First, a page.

The second type is a defined contribution account, a fund containing a specific amount of money that belongs to a specific individual. The amount paid during retirement is determined entirely by the amount of money in the account. A 401K is one example of a defined contribution plan.

    The Coverture Fraction Applies to Both

    Robertson v. Robertson, 167 N.C. App. 567 (2004), held that the coverture fraction must be used to classify both types of deferred compensation accounts due to the restrictions in GS 50-20.1.

    But is That Fair?

    The coverture fraction is considered by most to be a good enough method of classifying a defined benefit plan. It is a simple formula that treats all years of employment as contributing equally to the value of the plan and there is no obvious way to more accurately determine how much of the benefit was acquired during the marriage.

    However, because a defined contribution plan is a specific fund to which contributions are made over time, it is possible to show that some contributions to the account make up a larger portion of the value on the date of separation due to the accumulation of interest or because more money was contributed in some years than in others. In other words, it is possible to prove that treating all years of contribution equally, as does the coverture fraction, results in an inaccurate classification.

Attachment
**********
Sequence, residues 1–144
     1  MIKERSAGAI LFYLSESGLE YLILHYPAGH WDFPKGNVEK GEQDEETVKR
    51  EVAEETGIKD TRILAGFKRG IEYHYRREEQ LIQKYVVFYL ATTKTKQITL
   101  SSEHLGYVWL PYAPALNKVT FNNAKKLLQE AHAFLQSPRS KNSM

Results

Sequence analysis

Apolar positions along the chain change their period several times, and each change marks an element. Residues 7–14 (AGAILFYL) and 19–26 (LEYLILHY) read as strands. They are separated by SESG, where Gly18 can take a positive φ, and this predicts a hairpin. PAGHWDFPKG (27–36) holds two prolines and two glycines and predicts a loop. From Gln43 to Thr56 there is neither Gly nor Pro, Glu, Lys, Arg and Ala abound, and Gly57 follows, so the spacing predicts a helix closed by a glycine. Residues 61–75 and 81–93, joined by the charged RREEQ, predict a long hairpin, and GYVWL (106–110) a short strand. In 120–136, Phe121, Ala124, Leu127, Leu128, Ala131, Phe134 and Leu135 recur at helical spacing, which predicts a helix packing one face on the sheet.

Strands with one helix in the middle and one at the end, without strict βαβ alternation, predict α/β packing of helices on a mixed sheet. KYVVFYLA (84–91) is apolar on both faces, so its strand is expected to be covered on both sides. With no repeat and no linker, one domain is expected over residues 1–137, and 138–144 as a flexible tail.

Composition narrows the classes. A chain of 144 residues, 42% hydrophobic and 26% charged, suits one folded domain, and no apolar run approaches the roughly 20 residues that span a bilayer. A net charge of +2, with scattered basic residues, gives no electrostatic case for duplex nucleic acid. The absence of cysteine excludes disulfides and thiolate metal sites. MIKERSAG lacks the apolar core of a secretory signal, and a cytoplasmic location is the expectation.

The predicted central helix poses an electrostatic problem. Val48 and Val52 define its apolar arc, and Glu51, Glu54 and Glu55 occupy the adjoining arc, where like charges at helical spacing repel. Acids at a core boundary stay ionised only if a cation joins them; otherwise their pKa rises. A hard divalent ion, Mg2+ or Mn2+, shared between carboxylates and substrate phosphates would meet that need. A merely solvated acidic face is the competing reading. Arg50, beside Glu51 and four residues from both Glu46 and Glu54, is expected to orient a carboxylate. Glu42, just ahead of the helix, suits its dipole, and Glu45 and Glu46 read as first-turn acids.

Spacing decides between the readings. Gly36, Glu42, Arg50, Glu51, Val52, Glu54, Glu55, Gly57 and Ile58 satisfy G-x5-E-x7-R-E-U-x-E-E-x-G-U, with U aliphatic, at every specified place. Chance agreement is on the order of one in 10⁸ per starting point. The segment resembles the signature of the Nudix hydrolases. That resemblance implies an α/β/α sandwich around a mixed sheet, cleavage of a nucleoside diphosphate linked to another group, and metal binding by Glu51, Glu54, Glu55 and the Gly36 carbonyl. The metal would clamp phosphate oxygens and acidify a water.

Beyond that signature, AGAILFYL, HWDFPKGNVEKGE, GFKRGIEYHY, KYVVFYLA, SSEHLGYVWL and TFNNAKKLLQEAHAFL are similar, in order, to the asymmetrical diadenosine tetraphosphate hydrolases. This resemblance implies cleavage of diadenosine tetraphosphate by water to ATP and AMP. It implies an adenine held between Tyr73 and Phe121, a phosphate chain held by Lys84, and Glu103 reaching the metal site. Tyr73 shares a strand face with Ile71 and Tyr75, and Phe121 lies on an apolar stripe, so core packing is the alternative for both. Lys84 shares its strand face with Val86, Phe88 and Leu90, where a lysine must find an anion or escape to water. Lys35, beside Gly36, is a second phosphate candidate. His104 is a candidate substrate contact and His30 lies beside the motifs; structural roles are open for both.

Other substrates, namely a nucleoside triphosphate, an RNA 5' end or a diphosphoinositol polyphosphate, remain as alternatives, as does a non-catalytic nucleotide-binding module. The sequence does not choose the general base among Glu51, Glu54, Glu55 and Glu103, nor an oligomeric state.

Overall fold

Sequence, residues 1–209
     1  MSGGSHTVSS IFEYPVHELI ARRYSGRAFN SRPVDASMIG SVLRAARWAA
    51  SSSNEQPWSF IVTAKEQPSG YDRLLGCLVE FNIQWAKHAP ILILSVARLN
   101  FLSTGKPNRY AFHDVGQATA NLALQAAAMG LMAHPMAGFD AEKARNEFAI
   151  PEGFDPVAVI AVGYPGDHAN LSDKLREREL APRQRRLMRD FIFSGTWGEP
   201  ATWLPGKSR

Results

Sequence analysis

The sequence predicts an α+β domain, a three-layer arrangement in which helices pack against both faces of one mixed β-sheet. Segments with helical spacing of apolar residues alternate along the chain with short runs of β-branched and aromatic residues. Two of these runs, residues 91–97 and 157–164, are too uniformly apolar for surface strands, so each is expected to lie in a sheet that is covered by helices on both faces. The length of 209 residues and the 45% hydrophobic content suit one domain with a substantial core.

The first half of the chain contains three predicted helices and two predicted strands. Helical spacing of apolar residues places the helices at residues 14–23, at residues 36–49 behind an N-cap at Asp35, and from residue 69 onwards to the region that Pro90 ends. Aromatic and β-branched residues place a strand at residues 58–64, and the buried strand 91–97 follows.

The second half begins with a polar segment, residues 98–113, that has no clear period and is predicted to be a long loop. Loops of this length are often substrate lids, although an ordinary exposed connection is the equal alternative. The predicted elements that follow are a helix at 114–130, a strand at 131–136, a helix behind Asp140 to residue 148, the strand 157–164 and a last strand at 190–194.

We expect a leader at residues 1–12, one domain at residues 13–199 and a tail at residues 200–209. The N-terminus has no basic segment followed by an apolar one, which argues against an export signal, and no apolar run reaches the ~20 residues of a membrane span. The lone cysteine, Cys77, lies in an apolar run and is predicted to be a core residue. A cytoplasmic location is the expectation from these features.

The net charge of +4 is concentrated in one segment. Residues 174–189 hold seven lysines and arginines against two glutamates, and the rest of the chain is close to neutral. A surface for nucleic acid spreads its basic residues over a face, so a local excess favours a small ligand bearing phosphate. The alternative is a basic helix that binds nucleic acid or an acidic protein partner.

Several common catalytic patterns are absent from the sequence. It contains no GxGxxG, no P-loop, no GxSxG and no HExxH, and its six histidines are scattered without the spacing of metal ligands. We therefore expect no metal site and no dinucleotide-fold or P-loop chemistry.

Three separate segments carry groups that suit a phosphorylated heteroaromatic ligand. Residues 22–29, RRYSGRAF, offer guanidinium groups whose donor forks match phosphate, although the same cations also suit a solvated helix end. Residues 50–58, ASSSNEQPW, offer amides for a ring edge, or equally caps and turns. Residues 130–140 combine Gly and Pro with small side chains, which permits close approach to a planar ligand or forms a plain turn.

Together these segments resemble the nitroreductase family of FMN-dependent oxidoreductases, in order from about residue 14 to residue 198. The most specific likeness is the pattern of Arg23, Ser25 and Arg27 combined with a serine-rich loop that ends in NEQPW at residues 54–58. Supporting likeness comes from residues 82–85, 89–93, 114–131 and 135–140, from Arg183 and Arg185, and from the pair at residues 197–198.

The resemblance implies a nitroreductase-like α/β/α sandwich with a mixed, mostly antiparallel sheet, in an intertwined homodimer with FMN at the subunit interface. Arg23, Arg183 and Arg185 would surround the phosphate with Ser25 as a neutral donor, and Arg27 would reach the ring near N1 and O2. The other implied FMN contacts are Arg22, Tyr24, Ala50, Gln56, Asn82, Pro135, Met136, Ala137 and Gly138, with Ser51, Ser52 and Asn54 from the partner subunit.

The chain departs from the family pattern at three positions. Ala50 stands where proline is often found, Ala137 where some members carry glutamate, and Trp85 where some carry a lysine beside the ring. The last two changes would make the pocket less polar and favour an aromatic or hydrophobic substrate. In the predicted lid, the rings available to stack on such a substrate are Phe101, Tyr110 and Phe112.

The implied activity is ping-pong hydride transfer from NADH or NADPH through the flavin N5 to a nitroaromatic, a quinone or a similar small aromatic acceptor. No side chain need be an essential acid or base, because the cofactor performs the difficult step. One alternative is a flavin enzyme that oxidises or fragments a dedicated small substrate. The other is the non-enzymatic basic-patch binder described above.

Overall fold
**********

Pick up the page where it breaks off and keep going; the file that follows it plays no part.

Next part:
Watkins is the first published opinion directly addressing a 401k plan. Acknowledging GS 50-20.1 requires that all deferred compensation plans be classified using the coverture fraction, the court held ‘deferred compensation’ has a different meaning in the context of equitable distribution than it has for the IRS. According to Watkins, a fund or account is not deferred compensation if the owner has access to the funds in the account on the date of separation. If it is not deferred compensation, it is not subject to the restrictions in GS 50-20.1.

    The court explained that application of the coverture fraction to all defined contribution plans: